Despite the provocative title, the authors are passionate advocates for teachers as expert practitioners (“by the very definition of expertise, the only experts in teaching are teachers themselves.” p21). This is a consistent and powerful message from Horvath which has been presented on multiple occasions at Barker including 2021 and 2022. If this is the case, why might schools still be getting things wrong?

This is addressed in Chapter 1 with the first thing that goes wrong in schools. The authors suggest that too much advice is given from bodies external to the teaching profession. This advice can often be implemented without the necessary work of translating these ideas into the school and classroom context. They call on the teaching community to take it upon themselves to document the profession and to demonstrate this translation by building a library of material, or a body of knowledge regarding what works and what needs to change (p23). Despite the differences amongst teachers, a way of consistently documenting, presenting and disseminating their work is needed. (p36).

The Barker Institute is deliberately taking positive steps to achieve this through its role as a research centre, learning hub and publication house, seeking to collate staff thinking and disseminate it in meaningful formats suitable for use in and beyond Barker College.

But enough about what we get right, what might be going wrong? Horvath and Bott explore nine further obstacles to highly effective learning in schools. Topics include:

  • the awarding of grades (Chapter 3): A shift in discussion is encouraged, from “how can we organize assessment in a way that will improve student outcomes?” to “What worldview do grades espouse?” (p40). We need to assess the holistic impact of the way we award grades.
  • the problems with the practice and messaging of homework tasks (Chapter 4): that the purpose and intent of having homework is often unclear which means it is given in a way that rarely achieves the benefits a school may desire.
  • distractions with using technology (Chapter 7): Computers facilitate the unhelpful distraction of task-switching e.g. “when using a computer for homework, students typically last less than 6 minutes before accessing social media, messaging friends and engaging with other digital distractions” p94.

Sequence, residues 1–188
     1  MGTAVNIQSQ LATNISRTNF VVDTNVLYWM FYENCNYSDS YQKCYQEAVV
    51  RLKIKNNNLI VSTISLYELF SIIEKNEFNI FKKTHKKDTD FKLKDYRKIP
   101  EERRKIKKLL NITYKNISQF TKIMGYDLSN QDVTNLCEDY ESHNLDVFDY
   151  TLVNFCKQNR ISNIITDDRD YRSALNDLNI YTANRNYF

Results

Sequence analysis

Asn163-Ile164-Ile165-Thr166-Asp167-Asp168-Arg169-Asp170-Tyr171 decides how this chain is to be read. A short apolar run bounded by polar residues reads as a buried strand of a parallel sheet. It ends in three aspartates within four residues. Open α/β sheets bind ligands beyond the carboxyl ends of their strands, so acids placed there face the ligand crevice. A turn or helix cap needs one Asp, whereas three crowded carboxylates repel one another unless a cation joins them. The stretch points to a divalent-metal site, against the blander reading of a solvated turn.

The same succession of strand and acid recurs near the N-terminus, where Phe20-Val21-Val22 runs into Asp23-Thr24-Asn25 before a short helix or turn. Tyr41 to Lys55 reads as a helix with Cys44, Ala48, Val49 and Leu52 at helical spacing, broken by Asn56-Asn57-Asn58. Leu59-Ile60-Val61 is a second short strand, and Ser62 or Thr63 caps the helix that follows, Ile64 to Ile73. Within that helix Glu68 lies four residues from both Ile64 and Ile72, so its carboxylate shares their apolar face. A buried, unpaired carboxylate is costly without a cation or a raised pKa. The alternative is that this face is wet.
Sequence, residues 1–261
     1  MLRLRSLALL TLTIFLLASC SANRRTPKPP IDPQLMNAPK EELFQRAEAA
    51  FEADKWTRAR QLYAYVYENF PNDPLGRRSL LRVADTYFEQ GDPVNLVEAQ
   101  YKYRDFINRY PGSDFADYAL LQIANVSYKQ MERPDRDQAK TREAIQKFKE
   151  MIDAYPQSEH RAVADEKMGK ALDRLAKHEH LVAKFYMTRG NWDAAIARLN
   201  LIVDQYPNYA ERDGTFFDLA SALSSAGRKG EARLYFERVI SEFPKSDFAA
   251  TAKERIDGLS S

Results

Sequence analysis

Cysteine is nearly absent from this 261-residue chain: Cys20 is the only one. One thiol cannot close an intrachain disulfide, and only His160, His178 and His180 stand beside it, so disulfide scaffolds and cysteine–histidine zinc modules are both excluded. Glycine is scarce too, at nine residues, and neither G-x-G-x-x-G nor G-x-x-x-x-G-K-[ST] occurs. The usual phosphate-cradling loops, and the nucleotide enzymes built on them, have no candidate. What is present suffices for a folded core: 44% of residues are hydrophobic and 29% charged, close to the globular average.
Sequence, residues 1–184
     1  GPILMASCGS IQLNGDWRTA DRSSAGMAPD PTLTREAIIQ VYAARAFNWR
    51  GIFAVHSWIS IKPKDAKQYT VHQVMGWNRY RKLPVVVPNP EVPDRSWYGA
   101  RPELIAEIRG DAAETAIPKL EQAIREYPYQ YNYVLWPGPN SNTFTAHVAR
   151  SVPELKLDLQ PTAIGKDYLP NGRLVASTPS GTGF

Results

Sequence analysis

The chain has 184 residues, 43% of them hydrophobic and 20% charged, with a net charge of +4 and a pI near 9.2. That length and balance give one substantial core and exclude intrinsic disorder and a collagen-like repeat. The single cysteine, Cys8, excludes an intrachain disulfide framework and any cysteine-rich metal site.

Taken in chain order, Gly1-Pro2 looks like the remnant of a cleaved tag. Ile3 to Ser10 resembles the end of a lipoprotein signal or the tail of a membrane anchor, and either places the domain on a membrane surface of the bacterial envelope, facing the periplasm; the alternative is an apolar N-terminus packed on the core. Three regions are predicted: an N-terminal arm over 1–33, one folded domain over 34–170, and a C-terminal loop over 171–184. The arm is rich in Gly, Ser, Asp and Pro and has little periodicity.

• the purpose of incentives and motivation (Chapter 8): Behavioral nudges are used to bring about positive actions and behaviours but, unintendedly, they also “transmit our social values” (p112) and teachers need to be careful of the reward-based worldviews they are promoting.
  • and ultimately discussions around the purpose of education as a whole (Chapter 10).

A regular theme in the book is the implicit (and sometimes explicit) messaging related to the purpose of education and how this plays out daily in the classroom. Teachers are trained to share learning intentions in the classroom such that students know the purpose of each lesson, but not necessarily the deeper questions such as “why do I need to be here” and “why do I need to learn this?”

The conventional approach to the purpose of schooling, perhaps advocated for by government and industry, is to produce the next generation of economic consumers where “you are what you do for a living” and “your worth is measured according to the goods you possess” (p113) and it seems that grading, motivation strategies, timetabling, homework and even computer use at some schools can reinforce this outdated intention.

At Barker we construct our own narrative of the purpose of education, that of developing humanity and society through providing Christian education that is characterised by a global hope. This is achieved through an extensive curricular and co-curricular program, and activities inspired by the IB Primary Years Program in the Junior School and Roundsquare initiatives designed to expand students’ global appreciation. It was encouraging to read of Horvath and Bott’s suggested alternatives for the narrative of schooling including the next generation of “planetary stewards”, “giant climbers” and “toolmakers”.  The challenge is for us to bring all of our activities in line with our purpose, such that we may be using every practice to be inspiring every learner, every experience, every day.

Reference List:

Horvath, JC & Bott, D, 2020, 10 things schools get wrong: and how we can get them right, John Catt Educational Ltd, Melton, Woodbridge.

Organization, IB, n.d., ‘Primary Years Programme (PYP)’, International Baccalaureate®, viewed 7 June 2022,

‘Round Square’, n.d., Round Square, viewed 7 June 2022,